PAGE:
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Impaired Economy of Gait and Decreased Six-Minute Walk Distance in Parkinson's Disease

DOI: 10.1155/2012/241754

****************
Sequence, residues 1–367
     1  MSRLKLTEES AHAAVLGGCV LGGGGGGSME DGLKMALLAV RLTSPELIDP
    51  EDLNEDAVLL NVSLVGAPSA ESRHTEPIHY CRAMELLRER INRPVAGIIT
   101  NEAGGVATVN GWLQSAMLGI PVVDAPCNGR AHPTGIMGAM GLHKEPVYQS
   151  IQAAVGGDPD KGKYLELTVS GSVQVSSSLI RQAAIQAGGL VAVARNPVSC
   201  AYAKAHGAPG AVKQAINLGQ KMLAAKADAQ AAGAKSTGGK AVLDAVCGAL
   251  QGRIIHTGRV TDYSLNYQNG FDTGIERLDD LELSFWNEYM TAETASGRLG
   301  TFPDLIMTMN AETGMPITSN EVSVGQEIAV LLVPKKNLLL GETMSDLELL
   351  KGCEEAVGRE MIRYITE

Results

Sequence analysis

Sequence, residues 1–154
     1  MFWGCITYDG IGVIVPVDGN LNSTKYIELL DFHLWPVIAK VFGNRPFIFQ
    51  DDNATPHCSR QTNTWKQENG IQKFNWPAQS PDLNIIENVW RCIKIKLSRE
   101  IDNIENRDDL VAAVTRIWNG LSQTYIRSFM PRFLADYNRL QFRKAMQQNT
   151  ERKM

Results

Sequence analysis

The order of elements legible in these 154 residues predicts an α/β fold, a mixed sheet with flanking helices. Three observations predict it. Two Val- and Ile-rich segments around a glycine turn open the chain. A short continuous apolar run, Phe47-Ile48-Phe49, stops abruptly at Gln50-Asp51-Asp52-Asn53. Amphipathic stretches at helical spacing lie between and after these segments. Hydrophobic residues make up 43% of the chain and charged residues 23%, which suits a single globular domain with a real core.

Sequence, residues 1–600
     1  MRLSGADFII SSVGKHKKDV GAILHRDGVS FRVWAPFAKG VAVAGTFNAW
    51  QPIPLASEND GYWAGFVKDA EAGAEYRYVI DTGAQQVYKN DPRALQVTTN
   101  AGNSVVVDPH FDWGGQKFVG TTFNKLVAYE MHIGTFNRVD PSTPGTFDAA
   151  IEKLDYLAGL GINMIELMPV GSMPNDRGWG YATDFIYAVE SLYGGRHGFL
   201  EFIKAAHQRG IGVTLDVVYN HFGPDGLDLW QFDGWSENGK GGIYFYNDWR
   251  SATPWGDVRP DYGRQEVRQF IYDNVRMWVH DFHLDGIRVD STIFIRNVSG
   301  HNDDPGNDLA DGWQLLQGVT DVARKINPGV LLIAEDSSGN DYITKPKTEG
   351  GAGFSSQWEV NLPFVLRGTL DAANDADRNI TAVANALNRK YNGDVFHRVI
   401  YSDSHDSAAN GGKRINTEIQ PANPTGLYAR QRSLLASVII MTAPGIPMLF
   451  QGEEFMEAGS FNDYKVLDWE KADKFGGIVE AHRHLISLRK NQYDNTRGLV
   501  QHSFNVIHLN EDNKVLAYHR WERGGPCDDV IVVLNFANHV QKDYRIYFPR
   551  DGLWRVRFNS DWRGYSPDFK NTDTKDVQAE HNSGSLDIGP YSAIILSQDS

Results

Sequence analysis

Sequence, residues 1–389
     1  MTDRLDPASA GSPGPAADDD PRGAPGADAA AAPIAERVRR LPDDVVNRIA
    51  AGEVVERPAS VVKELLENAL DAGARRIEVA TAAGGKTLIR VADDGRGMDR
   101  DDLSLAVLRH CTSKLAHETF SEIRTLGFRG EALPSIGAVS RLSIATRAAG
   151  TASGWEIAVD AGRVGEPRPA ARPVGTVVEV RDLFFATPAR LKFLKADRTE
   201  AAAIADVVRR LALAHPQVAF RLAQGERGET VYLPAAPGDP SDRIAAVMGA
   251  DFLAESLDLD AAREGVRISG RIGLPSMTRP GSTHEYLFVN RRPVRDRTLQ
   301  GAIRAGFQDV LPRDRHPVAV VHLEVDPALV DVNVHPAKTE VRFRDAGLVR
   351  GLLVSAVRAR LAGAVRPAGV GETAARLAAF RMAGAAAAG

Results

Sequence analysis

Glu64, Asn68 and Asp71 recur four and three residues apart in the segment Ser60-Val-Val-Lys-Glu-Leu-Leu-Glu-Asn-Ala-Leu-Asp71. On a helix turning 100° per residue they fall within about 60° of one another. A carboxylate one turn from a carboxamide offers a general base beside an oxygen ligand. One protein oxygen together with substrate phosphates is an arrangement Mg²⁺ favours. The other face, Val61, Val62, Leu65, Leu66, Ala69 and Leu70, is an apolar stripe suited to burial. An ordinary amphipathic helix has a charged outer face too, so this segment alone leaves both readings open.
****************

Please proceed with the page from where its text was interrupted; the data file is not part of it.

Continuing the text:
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Changes in the biomechanics of gait may alter the energy requirements of walking in Parkinson's Disease (PD). This study investigated economy of gait during submaximal treadmill walking in 79 subjects with mild to moderate PD and the relationship between gait economy and 6-minute walk distance (6?MW). Oxygen consumption (VO2) at the self-selected treadmill walking speed averaged 64% of peak oxygen consumption (VO2 peak). Submaximal VO2 levels exceeded 70% of VO2 peak in 30% of the subjects. Overall the mean submaximal VO2 was 51% higher than VO2 levels expected for the speed and grade consistent with severe impairment in economy of gait. There was an inverse relationship between economy of gait and 6MW ( , ) and with the self-selected walking speed ( , ). Thus, the impairment in economy of gait and decreased physiologic reserve result in routine walking being performed at a high percentage of VO2 peak. 1. Introduction Walking capacity is central to the performance of many activities of daily living. Difficulty with walking is one of the cardinal symptoms of Parkinson’s Disease (PD). Alterations in the biomechanics of gait, such as decreased stride length, increased stride length variability, and reduced gait speed, are common even in early stages of PD [1–3]. Most often, PD patients attempt to compensate for short steps by increasing gait cadence, thereby potentially altering energy requirements. This higher energy cost of movement is often referred to as a lower economy of gait and is a function of abnormal gait patterns that accompany aging and neurological disability. Reduced economy of gait has been associated with impaired function and fatigue in non-PD populations [4–9], but there is currently scant information on how parkinsonian gait affects energy expenditure or economy of gait using direct measures of oxygen consumption [10]. Further, little is known about the relationship between economy of gait and mobility. Hence, the purpose of this study was to investigate economy of gait during submaximal treadmill walking in mild to moderate PD, and the relationship between economy of gait and the distance covered during the 6-minute walk (6?MW). 2. Methods 2.1. Subjects Participants for this study were recruited from the University of Maryland Parkinson’s Disease Center and the Baltimore VA Medical Center neurology clinics as part of an exercise intervention trial in PD [11]. Inclusion criteria were (1) diagnosis of levodopa-responsive PD characterized by 2 of 3 cardinal signs (resting tremor, bradykinesia, rigidity), (2) Hoehn and Yahr (HY) [12] stage

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